The main benefits…

Continuous upgrades – in the cloud model, software is continuously updated and upgraded, so that the user gains immediate benefits with minimal effort. Concentration of computing power – as mentioned, most applications run more efficiently on one large computer than on many small ones. This is partly because the big computer is inherently more efficient, but also because they reduce latency (that is, the time most computers spend doing nothing) Significantly lower costs – no time spent purchasing, servicing, maintaining, updating and securing physical hardware and native applications. Work from anywhere – cloud-based applications not only allow users to use any computer in any place, it also means that in the event of a disaster, data is safe and business interruptions are minimized.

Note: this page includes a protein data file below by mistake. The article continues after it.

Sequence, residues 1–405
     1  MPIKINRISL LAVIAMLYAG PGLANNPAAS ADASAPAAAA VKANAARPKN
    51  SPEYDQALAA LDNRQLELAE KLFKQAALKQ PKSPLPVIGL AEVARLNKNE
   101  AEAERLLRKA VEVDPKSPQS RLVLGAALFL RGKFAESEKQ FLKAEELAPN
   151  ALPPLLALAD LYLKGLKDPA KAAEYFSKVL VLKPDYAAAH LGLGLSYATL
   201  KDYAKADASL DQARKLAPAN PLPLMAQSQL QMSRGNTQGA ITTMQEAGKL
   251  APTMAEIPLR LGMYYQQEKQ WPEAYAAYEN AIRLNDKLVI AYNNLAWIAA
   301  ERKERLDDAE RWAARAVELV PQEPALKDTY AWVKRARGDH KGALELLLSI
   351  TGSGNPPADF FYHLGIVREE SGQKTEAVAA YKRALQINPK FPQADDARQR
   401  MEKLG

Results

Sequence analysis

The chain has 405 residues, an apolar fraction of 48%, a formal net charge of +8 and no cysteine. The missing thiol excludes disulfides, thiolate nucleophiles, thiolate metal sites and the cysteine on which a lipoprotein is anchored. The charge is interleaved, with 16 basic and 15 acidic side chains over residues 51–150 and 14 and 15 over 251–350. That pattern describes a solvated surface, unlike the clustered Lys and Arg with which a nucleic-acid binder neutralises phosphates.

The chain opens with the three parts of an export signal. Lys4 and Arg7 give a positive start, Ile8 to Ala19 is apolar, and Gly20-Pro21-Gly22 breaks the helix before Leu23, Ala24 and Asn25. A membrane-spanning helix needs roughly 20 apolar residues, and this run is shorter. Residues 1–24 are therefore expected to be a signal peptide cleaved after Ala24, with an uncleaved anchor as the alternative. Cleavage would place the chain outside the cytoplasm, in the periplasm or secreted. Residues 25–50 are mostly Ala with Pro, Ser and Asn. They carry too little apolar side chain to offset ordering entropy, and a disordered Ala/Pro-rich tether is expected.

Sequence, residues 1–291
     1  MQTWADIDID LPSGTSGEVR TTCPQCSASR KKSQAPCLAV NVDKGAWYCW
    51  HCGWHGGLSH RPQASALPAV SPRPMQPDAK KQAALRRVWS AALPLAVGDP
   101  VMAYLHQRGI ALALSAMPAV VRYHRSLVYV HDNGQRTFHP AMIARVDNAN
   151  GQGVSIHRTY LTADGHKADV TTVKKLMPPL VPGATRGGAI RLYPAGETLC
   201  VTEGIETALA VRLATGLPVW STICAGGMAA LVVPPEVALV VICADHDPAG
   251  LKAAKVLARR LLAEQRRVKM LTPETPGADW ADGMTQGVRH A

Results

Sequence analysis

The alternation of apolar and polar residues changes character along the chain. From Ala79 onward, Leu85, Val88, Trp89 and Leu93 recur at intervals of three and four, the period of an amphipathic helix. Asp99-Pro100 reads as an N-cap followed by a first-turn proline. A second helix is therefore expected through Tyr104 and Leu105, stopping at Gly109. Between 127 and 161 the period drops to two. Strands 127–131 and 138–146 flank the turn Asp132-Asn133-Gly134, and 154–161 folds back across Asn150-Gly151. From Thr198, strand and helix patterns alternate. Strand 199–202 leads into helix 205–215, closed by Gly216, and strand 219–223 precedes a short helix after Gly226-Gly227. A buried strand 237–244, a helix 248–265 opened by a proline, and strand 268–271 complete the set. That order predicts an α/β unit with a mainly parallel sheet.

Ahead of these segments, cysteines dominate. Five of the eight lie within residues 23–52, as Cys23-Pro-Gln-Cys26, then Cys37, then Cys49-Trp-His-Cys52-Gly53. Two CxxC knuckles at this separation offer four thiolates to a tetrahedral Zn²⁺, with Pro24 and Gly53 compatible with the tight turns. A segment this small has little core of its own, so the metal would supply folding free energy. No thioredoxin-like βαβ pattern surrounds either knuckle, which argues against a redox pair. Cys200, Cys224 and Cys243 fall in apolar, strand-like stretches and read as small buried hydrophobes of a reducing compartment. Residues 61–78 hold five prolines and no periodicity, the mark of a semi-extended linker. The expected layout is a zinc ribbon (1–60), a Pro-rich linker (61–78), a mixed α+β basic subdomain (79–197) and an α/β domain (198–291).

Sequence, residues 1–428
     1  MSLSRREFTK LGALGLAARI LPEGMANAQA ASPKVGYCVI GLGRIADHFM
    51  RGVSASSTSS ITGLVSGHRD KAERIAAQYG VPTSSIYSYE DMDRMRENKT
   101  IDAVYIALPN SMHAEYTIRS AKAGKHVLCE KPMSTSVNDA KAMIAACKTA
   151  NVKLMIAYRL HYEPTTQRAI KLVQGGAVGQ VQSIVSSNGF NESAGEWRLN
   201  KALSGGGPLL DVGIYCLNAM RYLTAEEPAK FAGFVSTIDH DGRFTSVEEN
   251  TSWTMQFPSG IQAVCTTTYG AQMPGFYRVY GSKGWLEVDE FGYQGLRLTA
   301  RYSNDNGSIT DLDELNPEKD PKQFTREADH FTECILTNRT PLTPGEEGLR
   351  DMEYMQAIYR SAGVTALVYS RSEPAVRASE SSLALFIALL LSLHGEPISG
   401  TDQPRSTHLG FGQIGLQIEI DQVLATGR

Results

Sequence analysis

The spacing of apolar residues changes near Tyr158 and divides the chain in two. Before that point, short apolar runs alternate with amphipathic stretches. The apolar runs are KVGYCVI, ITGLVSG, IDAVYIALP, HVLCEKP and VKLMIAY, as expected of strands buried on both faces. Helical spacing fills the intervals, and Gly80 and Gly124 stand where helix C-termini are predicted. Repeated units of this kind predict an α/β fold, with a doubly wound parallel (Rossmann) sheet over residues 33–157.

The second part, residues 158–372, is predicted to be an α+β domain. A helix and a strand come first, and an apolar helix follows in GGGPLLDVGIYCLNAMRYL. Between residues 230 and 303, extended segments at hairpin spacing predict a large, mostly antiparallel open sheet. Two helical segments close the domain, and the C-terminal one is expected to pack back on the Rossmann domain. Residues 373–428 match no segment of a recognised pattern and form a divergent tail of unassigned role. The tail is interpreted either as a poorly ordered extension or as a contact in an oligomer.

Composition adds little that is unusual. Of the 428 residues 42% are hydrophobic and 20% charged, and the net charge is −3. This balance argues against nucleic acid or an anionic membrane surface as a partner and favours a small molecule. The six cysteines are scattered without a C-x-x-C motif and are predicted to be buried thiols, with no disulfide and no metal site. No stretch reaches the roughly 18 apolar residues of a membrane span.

The main risks…

Dependence on the Internet – cloud services imply a high dependence on the availability of the Internet. While some allow “offline” work, this isn’t always practical. Security breaches – With all a user’s data stored in the cloud, it is an ever-present temptation for hackers and competitors in a way that would not be possible if data is stored onsite. Data can be destroyed, stolen, sold, altered, ransomed, and so on. Privacy Violations – Sharing confidential data between employees can be just as damaging as corporate data. Data latency – no matter how fast internet access gets, it’s worth remembering that nothing moves faster than light, and when you access data on a cloud server on the other side of the world, there can be delays. The price of “free” services – many cloud services are available for free. As we all know nothing is ever free and the price you pay is sharing your data with the service provider. Read their Ts&Cs and you may be shocked at what you agreed to. And if you don’t pay, you don’t have many rights.